Tintin — Palle Huld
The 15-year-old Danish writer and actor’s 1928 voyage around the world, documented in his book Around the World in 44 days by Palle reportedly inspired Hergé’s Tintin, himself a young jet-setting fellow. As far as we can tell, Snowy was just a stroke of pure genius invention.
Alice — Alice Liddell
Famously, Alice Liddell was the inspiration and namesake for Lewis Carroll’s children’s classic Alice in Wonderland. Carroll, then known as Charles Dodgson, was close with the Liddell family (he took the photo of Alice above), and when 10-year-old Alice begged for a story, Dodgson began to spin his famous tale of Alice and what happened after she fell through the rabbit hole. Unlike previous stories he had told her, she asked him to write it down. The rest, as they say, is history.
Moby Dick — Mocha Dick
Mocha Dick was an albino sperm whale who lived in the early 19th century, so-named because he tended to frequent the balmy waters near the island of Mocha, off southern Chile. Of him, explorer Jeremiah N. Reynolds wrote, “This renowned monster, who had come off victorious in a hundred fights with his pursuers, was an old bull whale, of prodigious size and strength. From the effect of age, or more probably from a freak of nature… a singular consequence had resulted – he was white as wool!” Needless to say, Melville drew on the notoriety of Mocha Dick as well as his own seafaring experiences for his classic novel.
Molly Bloom — Nora Barnacle
The wife of main character Leopold Bloom in James Joyce’s Ulysses, Molly Bloom corresponds in many ways to Penelope from the Odyssey, but was also modelled off of Joyce’s own wife, Nora Barnacle. In fact, the novel, which takes place in a single day, is set on June 16, 1904, the occasion of their first date. Let’s say it together: aww.
Long John Silver — William Ernest Henley
When Robert Louis Stevenson was trying to come up with a good villain for Treasure Island, he was inspired by his friend, William Ernest Henley, an English poet, critic and editor, a jovial fellow who had had his left leg amputated from the knee after a childhood bout of tuberculosis. After the publication of Treasure Island, Stevenson wrote to his friend: “I will now make a confession. It was the sight of your maimed strength and masterfulness that begot Long John Silver…the idea of the maimed man, ruling and dreaded by the sound, was entirely taken from you.”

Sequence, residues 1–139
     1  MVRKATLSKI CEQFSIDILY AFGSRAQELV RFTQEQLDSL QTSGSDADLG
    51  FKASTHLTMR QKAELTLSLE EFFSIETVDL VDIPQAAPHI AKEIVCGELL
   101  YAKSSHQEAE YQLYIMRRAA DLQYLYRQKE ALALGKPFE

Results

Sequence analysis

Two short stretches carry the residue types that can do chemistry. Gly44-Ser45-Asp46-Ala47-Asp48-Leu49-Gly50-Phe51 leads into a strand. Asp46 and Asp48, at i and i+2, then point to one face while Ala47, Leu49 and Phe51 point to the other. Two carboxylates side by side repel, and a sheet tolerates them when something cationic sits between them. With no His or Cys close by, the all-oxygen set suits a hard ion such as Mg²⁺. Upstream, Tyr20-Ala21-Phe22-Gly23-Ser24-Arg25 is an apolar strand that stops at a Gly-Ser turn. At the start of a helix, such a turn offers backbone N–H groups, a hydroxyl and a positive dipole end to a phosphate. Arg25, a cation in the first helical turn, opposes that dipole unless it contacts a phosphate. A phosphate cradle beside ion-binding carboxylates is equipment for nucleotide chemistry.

Sethe — Margaret Garner
Toni Morrison has said that she based the story of Beloved, and particularly the character of Sethe, on two articles she read about Margaret Garner, a slave who escaped captivity in 1856 by running away to Ohio, where it had been abolished. When slave catchers found her and her family, she killed her youngest child, publicly stating that she would rather have her child dead than experience life in slavery. In the novel, Sethe makes similar choices, to both her pride and torment.
Severus Snape — John Nettleship
When Rowling admitted that Snape was “loosely based on a teacher I myself had,” the press tracked down John Nettleship, who taught Rowling Chemistry at Wyedean School near Chepstow. When first approached, he was surprised, explaining, “I was horrified when I first found out. I knew I was a strict teacher but I didn’t think I was that bad.” In retrospect, however, he admitted that he was “a short-tempered chemistry teacher with long hair…[and a] gloomy, malodorous laboratory,” which seems pretty on-point to us.
Carlo Marx, Old Bull Lee and Dean Moriarty — Allen Ginsberg, William S. Burroughs and Neal Cassady
It’s a well-known fact that Jack Kerouac wrote all of his friends (as well as himself) into his groundbreaking novel On the Road. After all, what better way to write about the American experience than to actually write about the American experience you’ve been having with all your friends?
Charles Baker “Dill” Harris — Truman Capote
Harper Lee based Jem and Scout’s best friend and summer neighbor Dill on her own childhood friend, Truman Capote. As he once said, “Mr. and Mrs. Lee, Harper Lee’s mother and father, lived very near. Harper Lee was my best friend. Did you ever read her book, To Kill a Mockingbird? I’m a character in that book, which takes place in the same small town in Alabama where we lived. Her father was a lawyer, and she and I used to go to trials all the time as children. We went to the trials instead of going to the movies.”
Ebenezer Scrooge — John Elwes
Evidence suggests that Charles Dickens based legendary miser Ebenezer Scrooge on the 18th century politician John Elwes, who had inherited a fortune but was loath to spend a single penny, preferring to live as if in poverty, squatting in empty apartments. Whether he went around muttering ‘bah humbug,’ we really can’t say.